Wednesday, February 20, 2013

Thought Drones Were New to the Skies? Think Again

A 1990 report prepared by the Institute for Defense Analyses (IDA), an organization based in the US, stated that the military use of unmanned, remotely controlled air vehicles began no later than World War I. The report was presented to the Defense Advanced Research Projects Agency (DARPA) and explained that remote controlled aircraft were operational during the 1920's in both the US and the UK.

The craft were initially rather limited in scope, the IDA reported, but by World War II radio-controlled aircraft were being upgraded to include cameras. Such efforts continued through the Korean War.

The Nite Gazelle, deployed during the Vietnam era.
A similar 2003 IDA report provided an overview of DARPA unclassified program activities since the 1970's. Unmanned aerial vehicles were given significant attention, including the wide use of remotely piloted vehicles, or RPVs, during the Vietnam War. RPVs successfully carried payloads, conducted reconnaissance, executed precision strikes and other advantageous maneuvers over SE Asia.

In 1971 an apparently rather brilliant model airplane enthusiast, Dr. John Foster, recommended DARPA scrap its designs and turn its attention to producing, more or less, souped up model planes. The cleverly simple concept initially resulted in the Praerie and Calere, each weighing about 75 pounds and powered by, of all things, lawn mower engines. Numerous additional models were subsequently produced. Their increasingly sophisticated capacities included reduced radar signatures and the addition of electronic warfare capabilities.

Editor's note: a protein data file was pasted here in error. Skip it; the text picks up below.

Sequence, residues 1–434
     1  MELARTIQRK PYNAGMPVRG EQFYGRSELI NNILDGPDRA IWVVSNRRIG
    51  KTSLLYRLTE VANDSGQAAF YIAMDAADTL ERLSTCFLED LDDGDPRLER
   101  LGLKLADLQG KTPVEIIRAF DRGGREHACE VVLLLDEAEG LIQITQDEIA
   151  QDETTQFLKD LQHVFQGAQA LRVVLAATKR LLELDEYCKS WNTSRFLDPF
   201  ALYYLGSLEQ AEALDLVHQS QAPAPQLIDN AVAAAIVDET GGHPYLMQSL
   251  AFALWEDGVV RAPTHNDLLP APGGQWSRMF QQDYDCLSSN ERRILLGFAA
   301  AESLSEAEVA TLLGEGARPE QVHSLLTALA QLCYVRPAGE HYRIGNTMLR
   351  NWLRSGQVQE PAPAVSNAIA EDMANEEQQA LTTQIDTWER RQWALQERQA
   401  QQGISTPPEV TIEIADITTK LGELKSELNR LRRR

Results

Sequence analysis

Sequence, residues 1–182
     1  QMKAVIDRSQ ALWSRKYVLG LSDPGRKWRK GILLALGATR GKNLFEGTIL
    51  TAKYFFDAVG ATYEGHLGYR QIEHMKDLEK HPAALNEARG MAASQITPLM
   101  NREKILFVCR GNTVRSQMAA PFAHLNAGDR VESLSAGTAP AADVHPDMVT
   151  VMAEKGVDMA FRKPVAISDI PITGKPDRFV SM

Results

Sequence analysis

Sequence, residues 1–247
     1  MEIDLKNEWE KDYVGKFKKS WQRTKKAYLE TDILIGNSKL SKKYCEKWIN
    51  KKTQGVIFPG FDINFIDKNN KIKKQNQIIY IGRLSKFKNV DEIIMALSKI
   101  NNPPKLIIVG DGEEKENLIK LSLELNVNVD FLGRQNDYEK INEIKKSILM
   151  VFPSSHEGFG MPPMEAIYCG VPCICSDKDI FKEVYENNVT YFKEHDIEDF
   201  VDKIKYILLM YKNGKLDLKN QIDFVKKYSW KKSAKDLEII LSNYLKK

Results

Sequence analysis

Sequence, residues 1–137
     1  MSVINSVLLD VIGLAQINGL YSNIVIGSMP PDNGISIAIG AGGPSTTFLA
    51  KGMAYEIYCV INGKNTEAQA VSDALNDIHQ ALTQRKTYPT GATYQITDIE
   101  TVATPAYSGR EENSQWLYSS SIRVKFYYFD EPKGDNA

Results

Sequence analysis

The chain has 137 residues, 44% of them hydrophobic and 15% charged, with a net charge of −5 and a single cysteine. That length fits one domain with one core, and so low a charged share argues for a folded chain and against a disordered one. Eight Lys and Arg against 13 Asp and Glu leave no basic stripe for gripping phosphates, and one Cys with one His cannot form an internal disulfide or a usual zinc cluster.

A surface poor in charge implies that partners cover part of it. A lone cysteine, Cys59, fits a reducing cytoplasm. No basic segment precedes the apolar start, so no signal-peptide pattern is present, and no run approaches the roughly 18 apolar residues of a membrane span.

All was not always as stellar as the Department of Defense would have liked, however. IDA reported that the DARPA-Army collaboration on Praerie led to the Army's Aquila Program, a venture infamous for its lack of practicality.

The project succeeded in its objective to demonstrate an RPV could perform reconnaissance, acquire and identify targets, and survive. However, it dramatically overextended its original budget by the time it was axed in 1988. What's more, it was considered an acquisition nightmare, and, as IDA put it, “universally acknowledged as an example of what not to do in an advanced technology acquisition program.”

The effective but ill fated Aquila
Essentially, confusion developed within the ranks as to how Aquila should be deployed. IDA reported that a lack of cooperation between the branches ultimately undermined the program. Many believe it is such challenges that led to agencies such as DARPA and the CIA taking the lead in drone advancements, as opposed to allocating such operations to the services.

Production efforts of unmanned aerial vehicles continued, leading to projects such as Amber. The 1990's saw transitions from Amber into programs known as Tier I, Tier II and Tier III, representing production of drones with systematically increased capacities for stealthy flight, electronic warfare and lethal weaponry.

Drones were used in Iraq, Afghanistan and are of course deployed in current intelligence operations. They are also becoming more widely used in a variety of law enforcement and rescue operations.

The Associated Press recently reported that the Pentagon is creating a new prestigious medal for extraordinary achievement in cyber and drone warfare. It is the first addition of a medal since 1944. Many analysts suggest it exhibits an urgency allocated to high levels of performance and success in the field.

Whatever we may make of the ongoing saga of unmanned aerial vehicles, they are obviously here to stay. We can only speculate what related information may remain classified and to what extents it has effected ufology, but it might be advisable to take into consideration now and then.

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